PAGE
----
The two escorts on the port quarter were now concentrating their machine gun fire on Parche. Ramage was about to come right to put them astern and head for the prize of the evening, a huge transport, when she spotted a ship coming in sharp on the starboard bow apparently intent on ramming. Ordering a full bell, Ramage sent the boat shooting across in front of the on-rushing enemy, then halfway across its track he ordered "Right-Full Rudder" swinging right the stern of the boat out of its path. The Japanese were screaming like a bunch of wild pigs as Parche barely missed being rammed by less than 50 feet. All hands exchanged mutual cheers and jeers.
Parche, now boxed in on both sides by several small craft and the big transport dead ahead had no alternative but to fire straight down the transports throat. The first fish started off to the right, so Ramage checked fire, spotted on, and fired two more. These were right in the groove and both hit the transport stopping her cold. Closing in on her starboard bow, the Parche swung hard left and fired one stern shot at 800 yards for a bullís eye.
Stopping to take account of the situation, Ramage counted eight ships still visible on her RADAR screen. The bewildered escorts were still busy firing weapons in the darkness at Parche and at each other. The big transport was stopped and down by the bow, but showed no further signs of going down. Just as Parche started back to deliver the felling blow, the transport suddenly raised its stern into the air and went straight down, head first into the cold depths of the ocean. Parche then began an egress from the area yet one of the escorts continually challenged her with weapons fire amid the sounds of loud explosions in the darkness. The entire attack took 46 minutes.
When Parche was finished, she had gotten the Japanese ships to open fire at one another, and had sunk a 10,238 ton tanker, a 4,471 ton passenger-cargo ship, damaged several thousand tons of Japanese ships ,and had disrupted yet another convoy. She also worked together with Steelhead in sinking an 8,990 ton transport. Steelhead sank two other ships, a transport and a cargo vessel. What made this more incredible was that this all occurred from the middle of a convoy of ships, on the surface, and at night. For this action Parche received the Presidential Unit Citation and Commander Ramage was awarded the Congressional Medal of Honor. The Submarine Combat Insignia was also authorized for the patrol.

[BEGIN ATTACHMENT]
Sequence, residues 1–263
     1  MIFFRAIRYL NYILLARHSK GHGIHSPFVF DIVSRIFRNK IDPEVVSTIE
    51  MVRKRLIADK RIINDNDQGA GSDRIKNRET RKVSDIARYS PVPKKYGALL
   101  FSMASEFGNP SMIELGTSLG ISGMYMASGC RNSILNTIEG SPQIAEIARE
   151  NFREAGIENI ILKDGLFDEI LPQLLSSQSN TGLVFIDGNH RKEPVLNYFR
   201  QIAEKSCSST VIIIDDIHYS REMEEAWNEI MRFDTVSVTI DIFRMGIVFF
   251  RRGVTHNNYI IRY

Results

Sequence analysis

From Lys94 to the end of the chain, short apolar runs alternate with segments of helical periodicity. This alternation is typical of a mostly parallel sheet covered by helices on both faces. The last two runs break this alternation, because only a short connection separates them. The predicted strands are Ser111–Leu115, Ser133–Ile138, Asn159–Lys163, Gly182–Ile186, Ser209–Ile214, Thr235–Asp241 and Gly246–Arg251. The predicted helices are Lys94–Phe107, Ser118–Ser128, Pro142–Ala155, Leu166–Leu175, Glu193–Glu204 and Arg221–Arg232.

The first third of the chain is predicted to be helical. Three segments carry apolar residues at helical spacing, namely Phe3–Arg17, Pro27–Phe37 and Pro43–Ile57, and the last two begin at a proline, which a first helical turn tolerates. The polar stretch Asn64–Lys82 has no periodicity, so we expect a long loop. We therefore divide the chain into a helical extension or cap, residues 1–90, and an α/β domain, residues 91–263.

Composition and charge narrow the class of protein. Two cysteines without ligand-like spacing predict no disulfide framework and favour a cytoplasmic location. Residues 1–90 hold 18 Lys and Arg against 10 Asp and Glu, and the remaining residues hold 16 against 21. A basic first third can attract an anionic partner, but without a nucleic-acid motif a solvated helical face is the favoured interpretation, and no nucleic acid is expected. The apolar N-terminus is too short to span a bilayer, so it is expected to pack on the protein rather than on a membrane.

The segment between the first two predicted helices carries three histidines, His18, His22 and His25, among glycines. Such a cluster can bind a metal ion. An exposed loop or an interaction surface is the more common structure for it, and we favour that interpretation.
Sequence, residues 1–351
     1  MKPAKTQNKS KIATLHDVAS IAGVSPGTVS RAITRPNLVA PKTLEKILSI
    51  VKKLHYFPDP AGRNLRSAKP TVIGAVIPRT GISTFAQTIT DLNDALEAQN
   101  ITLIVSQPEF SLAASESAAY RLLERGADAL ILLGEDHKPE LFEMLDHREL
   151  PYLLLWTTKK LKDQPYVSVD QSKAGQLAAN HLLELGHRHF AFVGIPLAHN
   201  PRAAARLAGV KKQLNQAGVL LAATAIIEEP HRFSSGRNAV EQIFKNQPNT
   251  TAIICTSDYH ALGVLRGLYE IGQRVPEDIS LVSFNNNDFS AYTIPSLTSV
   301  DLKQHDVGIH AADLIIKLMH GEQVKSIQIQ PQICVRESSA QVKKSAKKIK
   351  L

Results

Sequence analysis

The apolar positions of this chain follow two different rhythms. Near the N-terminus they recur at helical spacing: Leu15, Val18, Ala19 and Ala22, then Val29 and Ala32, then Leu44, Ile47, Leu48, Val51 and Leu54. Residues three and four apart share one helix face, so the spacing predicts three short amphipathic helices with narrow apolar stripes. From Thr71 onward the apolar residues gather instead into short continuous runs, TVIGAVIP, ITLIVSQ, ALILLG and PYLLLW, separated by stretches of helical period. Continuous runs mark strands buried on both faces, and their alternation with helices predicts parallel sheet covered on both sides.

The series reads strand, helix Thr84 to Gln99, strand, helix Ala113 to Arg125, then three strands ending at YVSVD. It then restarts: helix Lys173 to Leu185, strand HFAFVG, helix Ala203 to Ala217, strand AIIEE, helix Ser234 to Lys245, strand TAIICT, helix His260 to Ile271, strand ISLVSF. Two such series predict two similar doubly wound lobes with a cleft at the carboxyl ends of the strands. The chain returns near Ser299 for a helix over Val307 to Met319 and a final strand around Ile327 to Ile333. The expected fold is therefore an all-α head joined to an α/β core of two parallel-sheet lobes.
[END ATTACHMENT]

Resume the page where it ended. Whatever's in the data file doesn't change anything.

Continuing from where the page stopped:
After World War Two Parche continued her adventures and was assigned to "OPERATION CROSSROADS" as a target ship for the atomic bomb tests at Bikini Atoll. Parche survived both the airburst and the underwater burst, coming through relatively undamaged.
After decontamination, she proceeded to Mare Island Naval Shipyard at Vallejo, California. She was then decommissioned on December 10th, 1946 and in March 1947 was moved to Alameda, California and joined the moth ball fleet. On December 1st, 1962 her classification was changed to Auxiliary Submarine, AGSS-384 and assigned as a Naval Reserve Training Submarine in Oakland, California.
Parche's proud name was stricken from the Navy list on November 8th, 1969 and sold on June 18th, 1970 for scrap. All that remains of her is the original conning tower barrel, bridge structure, shears, and upper gun from the war which remain enshrined at the Naval Submarine Base, Pearl Harbor, Hawaii.
In the fall of 1975 Parche joined the Sixth Fleet in a six month operation patrolling the Mediterranean sea which included visits to Naples, Taranto, La Spezia, and La Maddalena, Italy. Parche's chief mission in the advent of war is to detect, track and destroy enemy submarines. In order to achieve this capability she has been equipped with an elaborate sonar system, a highly advanced installation capable of searching for and detecting targets on the surface and submerged at great ranges. To utilize the increased capabilities of her sonar, Parche had installed a modern computer controlled submarine weapon system, designed to permit the attacking and sinking of submarines at great distances. Her weapon system is capable of firing the latest in this country's arsenal antisubmarine weapons.
Submarine Development Group One established in 1967 by the Chief of Naval Operations, was the operational focal point for all Navy deep submergence matters.
More To Come!
This page last updated on Sunday, October 15, 2006